In the myelomonocytic THP-1 cells, the ability of class II to activate protein tyrosine kinases (PTKs) is dependent on its association with membrane rafts.20 Class II recruitment to membrane rafts may result in its localization to specific microdomains in the plasma membrane that are enriched in Src family PTKs.20 These rafts presumably contain one or more intermediate transducer proteins that mediate class II signal transduction. In human T cells, both LAG-3 and class II molecules have been shown to be present in raft microdomains before engagement of the T-cell receptor (TCR) by specific mAb or peptide/MHC complexes.21 In B cells, class II molecules were found to be constitutively present in rafts, and this concentration of class II molecules facilitates antigen presentation.22 In DCs, the functional effect of LAG-3 may be dependent on the presence of class II molecules in rafts, as disrupting the raft structure inhibits the binding of LAG-3 to these cells.11 Thus, the transactivation of raft-associated protein-tyrosine kinases leading to the initiation of intracellular signaling cascades is probably facilitated by the aggregation of rafts. However, the mechanism whereby the ligation of class II molecules initiates phosphotyrosine induction is currently unclear, as the cytoplasmic tails of the class II molecules do not associate with any detectable tyrosine kinases.

Despite its pivotal role in DC function, little is known about the transduction machinery involved in DC maturation. Lipopolysaccharide (LPS) has been shown to activate multiple signaling pathways in immature human DCs with the phosphorylation of Akt, a downstream target of phosphatidyl inositol 3-kinase (PI3 kinase), p42/44 extracellular signal-regulated protein kinase (p42/44ERK), and p38 mitogen-activated protein kinase (p38MAPK).23 With the use of specific inhibitors, researchers have shown these different pathways to play an important role in regulating various aspects of LPS-induced DC maturation.23 Here, we present evidence that engagement of class II signaling by its natural ligand LAG-3 induces rapid protein phosphorylation of PLCγ2 and p72syk as well as activation of PI3 kinase/Akt, p42/44ERK, and p38MAPK. The latter kinases were shown to be implicated in the LAG-3–induced maturation process of DCs. Substantial differences were found when class II molecules were ligated with LAG-3 versus specific antibody.

Materials and methods

Reagents

Recombinant soluble human LAG-3Ig molecules were generated by fusing the extracellular domain of hLAG-3 to a human immunoglobulin G1 (IgG1) Fc portion.24 The resulting recombinant protein was produced in Chinese hamster ovary cells and purified as described24 (Dr M. Subramanyam and M. Tepper, Ares Advanced Technology, Randolph, MA). Preparations contained less than 1 endotoxin unit (EU)/mg as determined by the limulus amoebocyte lysate assay (Biowhittaker, Walkersville, MD).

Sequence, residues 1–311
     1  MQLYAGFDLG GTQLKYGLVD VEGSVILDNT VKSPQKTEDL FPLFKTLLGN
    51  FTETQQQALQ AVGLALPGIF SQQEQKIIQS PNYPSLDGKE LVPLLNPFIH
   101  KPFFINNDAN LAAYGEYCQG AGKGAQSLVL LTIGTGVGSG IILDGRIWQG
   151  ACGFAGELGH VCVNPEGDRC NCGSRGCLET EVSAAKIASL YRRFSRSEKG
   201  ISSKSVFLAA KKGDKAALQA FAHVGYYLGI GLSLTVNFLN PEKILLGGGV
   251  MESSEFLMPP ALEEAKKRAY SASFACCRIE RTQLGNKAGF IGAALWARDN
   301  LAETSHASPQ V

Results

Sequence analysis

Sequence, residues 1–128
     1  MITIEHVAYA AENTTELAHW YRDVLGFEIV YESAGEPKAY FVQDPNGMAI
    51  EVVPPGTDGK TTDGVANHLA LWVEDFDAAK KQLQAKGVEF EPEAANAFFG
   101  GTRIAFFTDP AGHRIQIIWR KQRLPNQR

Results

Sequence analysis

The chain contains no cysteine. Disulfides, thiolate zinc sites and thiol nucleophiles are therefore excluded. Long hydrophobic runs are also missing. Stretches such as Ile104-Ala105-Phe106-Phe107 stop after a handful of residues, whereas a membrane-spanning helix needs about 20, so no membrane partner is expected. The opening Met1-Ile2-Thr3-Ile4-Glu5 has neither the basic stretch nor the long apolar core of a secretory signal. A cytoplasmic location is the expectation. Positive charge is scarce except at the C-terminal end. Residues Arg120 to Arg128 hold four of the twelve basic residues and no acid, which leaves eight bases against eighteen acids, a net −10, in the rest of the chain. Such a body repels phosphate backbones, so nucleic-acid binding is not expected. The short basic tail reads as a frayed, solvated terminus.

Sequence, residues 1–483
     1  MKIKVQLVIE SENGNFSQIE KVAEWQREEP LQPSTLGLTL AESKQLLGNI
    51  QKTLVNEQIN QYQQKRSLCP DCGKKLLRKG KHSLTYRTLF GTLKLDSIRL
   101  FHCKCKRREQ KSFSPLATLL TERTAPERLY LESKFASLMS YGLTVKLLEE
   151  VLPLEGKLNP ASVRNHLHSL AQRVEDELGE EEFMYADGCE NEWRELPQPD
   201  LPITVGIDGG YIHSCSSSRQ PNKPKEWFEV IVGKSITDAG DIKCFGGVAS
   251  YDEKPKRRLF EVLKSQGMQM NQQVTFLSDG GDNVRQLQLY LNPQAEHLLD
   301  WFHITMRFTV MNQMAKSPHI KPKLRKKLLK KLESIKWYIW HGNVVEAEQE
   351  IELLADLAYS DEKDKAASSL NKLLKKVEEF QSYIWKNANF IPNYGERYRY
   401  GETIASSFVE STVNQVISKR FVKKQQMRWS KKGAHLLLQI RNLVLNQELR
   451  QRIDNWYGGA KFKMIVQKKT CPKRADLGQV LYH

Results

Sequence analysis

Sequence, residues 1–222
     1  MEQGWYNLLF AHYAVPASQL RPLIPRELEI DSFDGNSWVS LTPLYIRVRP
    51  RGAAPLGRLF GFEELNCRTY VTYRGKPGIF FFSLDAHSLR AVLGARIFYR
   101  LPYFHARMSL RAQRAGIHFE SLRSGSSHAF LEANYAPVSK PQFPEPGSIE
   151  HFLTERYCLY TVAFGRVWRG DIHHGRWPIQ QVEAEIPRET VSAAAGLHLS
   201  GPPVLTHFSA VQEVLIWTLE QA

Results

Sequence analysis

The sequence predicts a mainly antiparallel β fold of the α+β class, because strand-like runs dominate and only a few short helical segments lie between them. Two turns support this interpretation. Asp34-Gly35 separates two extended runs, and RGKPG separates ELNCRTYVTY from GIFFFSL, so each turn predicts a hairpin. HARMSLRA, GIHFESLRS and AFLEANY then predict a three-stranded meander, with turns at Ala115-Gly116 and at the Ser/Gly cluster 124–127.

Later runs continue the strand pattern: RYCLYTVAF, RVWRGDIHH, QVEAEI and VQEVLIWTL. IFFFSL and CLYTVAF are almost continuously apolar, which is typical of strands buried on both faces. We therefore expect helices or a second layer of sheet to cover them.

The 17B4 mAb specific for the LAG-3.1 extracellular domain epitope (the extra-loop of immunoglobulin-like domain 1) has been previously described.7

The specific inhibitors SB203580 (p38MAPK), PD98059 (ERK), LY294002 (PI3 kinase), herbimycin A (tyrosine kinases), and piceatannol (p72syk), all from Calbiochem (Nottingham, United Kingdom), were dissolved in dimethyl sulfoxide (DMSO) and used over a range of concentrations on both LPS- and LAG-3Ig–induced DC maturation to control for the toxicity of the drugs. A 0.1% (vol/vol) concentration of DMSO was used as a negative control where indicated.

Purification of human monocytes and generation of monocyte-derived DCs

Human peripheral blood mononuclear cells (PBMCs) were isolated from venous blood of voluntary healthy donors by Ficoll-Paque density gradient centrifugation (Pharmacia, Uppsala, Sweden). Monocytes were enriched by aggregation in the cold at a concentration of 50 × 106 cells/mL in complete culture medium (1640 RPMI medium supplemented with 10% fetal calf serum [GIBCO, Paisley, Scotland], 2 mM glutamine, and 1 mM pyruvate) for 40 minutes under rotation. The aggregates were separated by sedimentation through 1 mL fetal calf serum and depleted of T cells by rosetting on 2-aminoethylisothiouronium bromide- (AET; Sigma, St Louis, MO) treated sheep red blood cells (SRBCs; BioMerieux, Marcy l'Etoile, France). For this treatment, 2.5 mL SRBCs were incubated with 30 mL 5% AET (wt/vol) for 15 minutes at 37°C, thoroughly washed, and resuspended in 17.5 mL complete culture medium. Enriched monocytes were then resuspended at 3 × 106 cells/mL with 10% of the SRBC suspension and centrifuged on Ficoll-Paque for 25 minutes at 500 rpm and for 20 minutes at 2000 rpm to separate the monocyte fraction from SRBCs and bound T cells. The resulting preparations were consistently more than 90% CD14+ as determined by fluorescence-activated cell sorter (FACS; Elite; Coulter, Miami, FL).